* Review Essay, “The Complicated Histories of Emancipation: State of the Field at 150,” Reviews in American History 41 (December 2013): 665-671.
* “The Strange Victory of the Palmetto State” in Ted Widmer with Clay Risen & George Kalogerakis eds., The New York Times Disunion: Modern Historians Revisit and Reconsider the Civil War from Lincoln’s Election to the Emancipation Proclamation (New York: Black Dog & Leventhal Publishers, 2013): 60-63
* “Did the Abolitionists Cause the Civil War?” in The Abolitionist Imagination (Cambridge, Mass.: Harvard University Press, 2012): 81-108.
* “Secession,” Civil War at 150 First Series (New York: Library of America, 2012): 1-5.
* “James W.C. Pennington and Transatlantic Abolitionism,” Heidelberg Center for American Studies, Annual Report 2010-2011 (Heidelberg, Germany: Universitatsverlag, 2011): 160-175.
* “The Political Ideology of Secession in South Carolina,” in Michael Perman and Amy Murrell Taylor eds., Major Problems in the Civil War and Reconstruction Third Edition (Boston: Wadsworth Cengage Learning, 2011): 121-135. Reprint of “Revolution or Counterrevolution? The Political Ideology of Secession in Antebellum South Carolina,” Civil War History XLVI (September 2000): 205-226.
* “Making Sense of John Brown’s Raid,” in Edward Ayers and Carolyn R. Martin eds., America on the Eve of the Civil War: A Virginia Sesquicentennial Conference (Charlottesville: University of Virginia Press, 2010): 69-89, 112-120.
* “An Alternative Tradition of Radicalism: African American Abolitionists and the Metaphor of Revolution, 1775-1865” in Contested Democracy: Freedom, Race and Power in American History (New York: Columbia University Press, 2007): 9-30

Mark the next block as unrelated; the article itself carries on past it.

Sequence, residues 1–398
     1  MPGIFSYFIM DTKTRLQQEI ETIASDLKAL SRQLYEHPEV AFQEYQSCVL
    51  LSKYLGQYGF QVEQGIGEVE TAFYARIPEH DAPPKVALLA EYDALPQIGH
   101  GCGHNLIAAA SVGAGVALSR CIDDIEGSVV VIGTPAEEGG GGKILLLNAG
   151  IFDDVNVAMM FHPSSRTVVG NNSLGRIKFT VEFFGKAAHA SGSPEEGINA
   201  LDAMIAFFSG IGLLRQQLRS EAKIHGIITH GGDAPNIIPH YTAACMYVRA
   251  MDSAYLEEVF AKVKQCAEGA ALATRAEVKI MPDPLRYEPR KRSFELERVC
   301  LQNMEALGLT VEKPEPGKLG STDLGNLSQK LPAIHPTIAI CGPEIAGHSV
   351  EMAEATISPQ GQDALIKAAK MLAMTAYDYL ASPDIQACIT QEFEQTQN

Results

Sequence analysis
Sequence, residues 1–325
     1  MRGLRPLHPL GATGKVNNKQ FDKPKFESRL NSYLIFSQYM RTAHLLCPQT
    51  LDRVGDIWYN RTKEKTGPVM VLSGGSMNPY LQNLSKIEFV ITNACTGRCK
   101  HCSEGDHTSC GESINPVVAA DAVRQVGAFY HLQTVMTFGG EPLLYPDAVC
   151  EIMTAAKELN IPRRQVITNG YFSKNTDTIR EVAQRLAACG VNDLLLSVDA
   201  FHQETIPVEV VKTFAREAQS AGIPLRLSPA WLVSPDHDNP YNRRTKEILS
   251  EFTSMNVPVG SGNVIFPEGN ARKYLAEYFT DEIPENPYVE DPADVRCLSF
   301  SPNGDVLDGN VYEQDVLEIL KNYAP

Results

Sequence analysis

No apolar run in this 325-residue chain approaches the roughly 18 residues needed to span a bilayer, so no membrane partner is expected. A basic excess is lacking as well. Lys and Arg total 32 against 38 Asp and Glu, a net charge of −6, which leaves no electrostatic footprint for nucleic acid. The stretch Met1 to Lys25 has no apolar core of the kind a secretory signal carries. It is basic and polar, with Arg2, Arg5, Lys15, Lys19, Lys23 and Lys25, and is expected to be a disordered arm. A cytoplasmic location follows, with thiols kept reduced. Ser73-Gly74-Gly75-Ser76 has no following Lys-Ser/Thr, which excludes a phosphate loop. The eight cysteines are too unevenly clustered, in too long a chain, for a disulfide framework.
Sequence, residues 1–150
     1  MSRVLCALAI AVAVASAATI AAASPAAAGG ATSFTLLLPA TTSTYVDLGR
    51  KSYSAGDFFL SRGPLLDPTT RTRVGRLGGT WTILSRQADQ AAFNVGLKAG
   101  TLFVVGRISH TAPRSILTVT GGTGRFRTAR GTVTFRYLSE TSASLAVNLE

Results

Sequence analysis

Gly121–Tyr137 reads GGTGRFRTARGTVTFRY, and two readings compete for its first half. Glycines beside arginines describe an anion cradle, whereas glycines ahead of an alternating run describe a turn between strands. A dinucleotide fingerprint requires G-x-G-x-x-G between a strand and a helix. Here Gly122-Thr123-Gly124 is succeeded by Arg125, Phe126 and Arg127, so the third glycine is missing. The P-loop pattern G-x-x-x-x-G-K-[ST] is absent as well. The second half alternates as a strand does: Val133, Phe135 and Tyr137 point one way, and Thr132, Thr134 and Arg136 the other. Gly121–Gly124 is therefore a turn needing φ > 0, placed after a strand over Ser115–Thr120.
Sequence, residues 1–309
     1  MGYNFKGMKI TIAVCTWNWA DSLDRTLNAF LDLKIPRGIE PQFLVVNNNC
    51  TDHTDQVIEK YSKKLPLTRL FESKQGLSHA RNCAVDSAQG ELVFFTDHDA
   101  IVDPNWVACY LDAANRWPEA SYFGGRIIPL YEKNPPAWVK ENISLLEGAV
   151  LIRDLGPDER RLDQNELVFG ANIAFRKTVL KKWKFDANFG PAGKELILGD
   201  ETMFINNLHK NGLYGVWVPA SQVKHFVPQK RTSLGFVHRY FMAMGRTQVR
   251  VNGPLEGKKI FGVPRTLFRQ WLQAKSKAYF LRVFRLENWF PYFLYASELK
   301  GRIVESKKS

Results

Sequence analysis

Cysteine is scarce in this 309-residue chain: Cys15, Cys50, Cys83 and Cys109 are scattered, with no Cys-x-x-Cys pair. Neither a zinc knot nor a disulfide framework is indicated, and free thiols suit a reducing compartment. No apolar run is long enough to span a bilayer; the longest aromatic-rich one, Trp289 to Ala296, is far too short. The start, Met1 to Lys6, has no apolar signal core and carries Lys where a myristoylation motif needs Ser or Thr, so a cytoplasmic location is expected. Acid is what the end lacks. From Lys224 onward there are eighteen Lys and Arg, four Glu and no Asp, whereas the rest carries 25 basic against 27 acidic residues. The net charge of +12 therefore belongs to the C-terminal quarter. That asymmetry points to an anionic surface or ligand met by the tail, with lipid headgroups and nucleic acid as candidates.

* “Coming of Age: The Historiography of Black Abolitionism,” in Timothy Patrick McCarthy and John Stauffer eds, Prophets of Protest: Reconsidering the History of American Abolitionism (New York: New Press, 2006): 23-38.
* Review Essay “His Truth Is Marching On: John Brown and the Fight for Racial Justice,” in Civil War History 52 (June 2006): 161-169.
* “Black Abolitionism: The Assault on Southern Slavery and the Struggle for Racial Equality,” in Ira Berlin and Leslie Harris eds., Slavery in New York (New York: New Press, 2005): 239-262.
* Review Essay, “History and Art in Ready for Revolution” in The Journal of Blacks in Higher Education (February 2004): 130-133.
* Review Essay, “American Slavery Ten Years Later,” Journal of American Ethnic History (Fall 2004): 105-109.
* “Judicial Nullification: The South Carolina Led Southern Movement to Reopen the African Slave Trade in the 1850s” in Maria Diedrich, Henry Louis Gates, Jr. and Carl Pedersen eds., Black Imagination and the Middle Passage (New York: Oxford University Press, 1999): 127-143.
* “The Caning of Charles Sumner and the Struggle for a Non Racial Democracy in the Age of the Civil War” in Biancamaria Pisapia, Ugo Rubeo, and Anna Scacchi eds., Red Badges of Courage: Wars and Conflicts in American Culture (Rome, Italy: Bulzoni Editore, 1998): 304-314.
* “Louisa Susanna McCord: Spokeswoman of the Master Class in Antebellum South Carolina,” in Susan Ostrov Weisser and Jennifer Fleischner eds., Feminist Nightmares Women at Odds: Feminism and the Problem of Sisterhood (New York: New York University Press, 1994): 62-87.